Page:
Do you have a value proposition that you consistently use? What about an elevator pitch? While these two professionally crafted messages are important, they aren’t used nearly as often as companies expect.
Among the approximately 180 questions that Objective Management Group (OMG) asks salespeople as part of a sales evaluation, we ask them to provide their value proposition and elevator pitch. Our primary finding from this has always been to show the degree of consistency or inconsistency of the company’s messaging within the sales organization, but not much more than that.
On May 1 we began taking our analysis of messaging to another level as we move to video collection of those messages. As the transcribed videos are analyzed we’ll be able to show the relative effectiveness of a salesperson’s delivery of those messages.
One of our best practices is to look for correlation to sales percentile.
Usually, the competency or attribute we are correlating contributes either directly or indirectly to sales percentile, so it doesn’t surprise us when there is correlation. Messaging has never been scored and has never been used as a finding, so it has no impact on sales percentile. Guess what? As with all of our other competencies and attributes, it correlates perfectly.
Please see the table below.
The table indicates that the length of the value proposition and the length of the elevator pitch show a direct correlation with sales percentile. Specifically, elite salespeople have a value proposition that is 33% longer than and an elevator pitch that is 31% longer than weak salespeople.
Is longer better?
Prior to this analysis, I didn’t think so but since I still have questions about that, not necessarily.
Historically, we know that the right message will have the greatest impact. But the data suggests that it’s more about the length than the quality. To be sure, the best salespeople use more words than the weakest salespeople.
Are the weak salespeople looking for shortcuts, doing as little as possible, lacking commitment, or the more obvious conclusion, that they don’t recognize the importance of getting their company message, right?
I wonder how many of the weak salespeople typed in, “N/A”, or “?”, or “Not sure”, or “Don’t Know.”
While that would surely account for weaker salespeople having shorter messages, it doesn’t explain serviceable salespeople – those in the 51-79 percentile – having fairly short messages as well.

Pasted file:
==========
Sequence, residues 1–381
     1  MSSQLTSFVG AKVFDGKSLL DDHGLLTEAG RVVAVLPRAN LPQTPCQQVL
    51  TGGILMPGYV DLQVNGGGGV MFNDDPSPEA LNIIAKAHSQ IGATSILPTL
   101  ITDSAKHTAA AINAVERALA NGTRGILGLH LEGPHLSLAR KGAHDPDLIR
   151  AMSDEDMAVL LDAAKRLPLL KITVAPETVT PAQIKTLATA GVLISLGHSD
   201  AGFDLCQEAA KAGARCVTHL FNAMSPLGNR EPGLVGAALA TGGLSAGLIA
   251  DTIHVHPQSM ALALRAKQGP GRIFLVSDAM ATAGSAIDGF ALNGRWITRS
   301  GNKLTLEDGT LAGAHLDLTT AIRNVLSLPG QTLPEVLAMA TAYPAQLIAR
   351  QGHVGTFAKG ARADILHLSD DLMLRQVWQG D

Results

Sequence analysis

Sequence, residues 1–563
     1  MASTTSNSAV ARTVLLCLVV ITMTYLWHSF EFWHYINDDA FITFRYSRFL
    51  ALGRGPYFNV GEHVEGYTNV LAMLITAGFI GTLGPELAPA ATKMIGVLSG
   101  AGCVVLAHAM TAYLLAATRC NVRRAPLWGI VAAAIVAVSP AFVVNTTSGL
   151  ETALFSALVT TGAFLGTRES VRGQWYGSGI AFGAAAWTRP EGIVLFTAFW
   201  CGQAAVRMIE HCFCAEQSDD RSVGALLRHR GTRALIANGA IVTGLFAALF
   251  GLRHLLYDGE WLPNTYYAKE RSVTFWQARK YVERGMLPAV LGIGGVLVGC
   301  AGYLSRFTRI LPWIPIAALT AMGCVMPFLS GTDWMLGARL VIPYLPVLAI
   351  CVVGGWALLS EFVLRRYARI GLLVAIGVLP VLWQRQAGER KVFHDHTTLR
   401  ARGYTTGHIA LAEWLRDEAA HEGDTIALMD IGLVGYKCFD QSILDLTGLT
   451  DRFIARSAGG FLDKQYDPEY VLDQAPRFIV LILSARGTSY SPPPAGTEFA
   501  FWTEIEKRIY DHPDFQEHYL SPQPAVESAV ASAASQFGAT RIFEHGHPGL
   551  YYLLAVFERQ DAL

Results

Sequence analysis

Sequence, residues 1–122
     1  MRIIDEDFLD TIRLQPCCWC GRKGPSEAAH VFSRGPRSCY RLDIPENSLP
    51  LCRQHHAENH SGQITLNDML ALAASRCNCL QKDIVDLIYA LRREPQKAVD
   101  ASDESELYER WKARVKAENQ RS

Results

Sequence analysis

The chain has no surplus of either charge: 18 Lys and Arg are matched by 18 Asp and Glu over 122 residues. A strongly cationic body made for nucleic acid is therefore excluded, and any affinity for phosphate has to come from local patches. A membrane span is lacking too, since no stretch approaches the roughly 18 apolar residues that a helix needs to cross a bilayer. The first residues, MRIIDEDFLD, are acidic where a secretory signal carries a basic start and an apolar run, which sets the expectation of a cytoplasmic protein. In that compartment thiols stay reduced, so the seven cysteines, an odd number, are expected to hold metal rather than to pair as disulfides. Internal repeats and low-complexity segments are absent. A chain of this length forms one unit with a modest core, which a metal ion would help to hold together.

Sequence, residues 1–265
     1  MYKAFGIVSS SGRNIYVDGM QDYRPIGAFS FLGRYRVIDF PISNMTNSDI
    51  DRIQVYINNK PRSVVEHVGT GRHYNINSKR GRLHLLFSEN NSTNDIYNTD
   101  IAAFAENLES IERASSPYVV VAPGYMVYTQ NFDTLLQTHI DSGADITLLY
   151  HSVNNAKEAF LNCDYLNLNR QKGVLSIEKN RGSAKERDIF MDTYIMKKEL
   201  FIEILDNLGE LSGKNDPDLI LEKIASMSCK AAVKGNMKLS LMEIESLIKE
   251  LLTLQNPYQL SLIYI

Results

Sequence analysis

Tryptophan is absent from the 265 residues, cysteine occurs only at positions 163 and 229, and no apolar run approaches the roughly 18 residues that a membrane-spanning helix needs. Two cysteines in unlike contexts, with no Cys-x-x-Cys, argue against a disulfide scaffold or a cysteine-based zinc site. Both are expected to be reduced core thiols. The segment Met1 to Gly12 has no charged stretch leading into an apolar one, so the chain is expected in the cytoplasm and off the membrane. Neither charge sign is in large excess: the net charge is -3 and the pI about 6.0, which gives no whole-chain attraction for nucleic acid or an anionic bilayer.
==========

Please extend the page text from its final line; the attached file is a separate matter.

The reality is that the best salespeople take their messaging seriously, make sure that they include everything that should be included, and deliver those messages to the right people, at the right time, and for the right reasons.
This question as to longer or better runs parallel to prospecting messages.
Which works better? The salesperson with mediocre scripting who attempts 60 dials per day and manages 6 conversations and books 1 meeting; or the salesperson with great scripting who occasionally makes a few calls and books very few new meetings?
Effort beats messaging until you compare two salespeople with the same effort. Then, messaging always wins.
If effort beats skill, then why do we place so much importance on training and coaching?
It’s because anyone who works hard enough can get a meeting scheduled. Proof of this comes from the many companies who use young, inexperienced BDR’s at the top of the funnel to schedule meetings. After the meeting has been scheduled, added to CRM and is now visible, that’s when skills matter. Which skills?
The ability to build a case – through a consultative, value-based approach – to create urgency, thoroughly qualify, and recommend a customized needs and cost-appropriate solution.
Effort simply isn’t enough here. Those salespeople in the effort-first group turn into follow-up pests while those in the skills group continue to have value-added conversations with their prospects.
This article is not the last you’ll read about the debate over length versus quality of the messaging, but it gets the conversation started.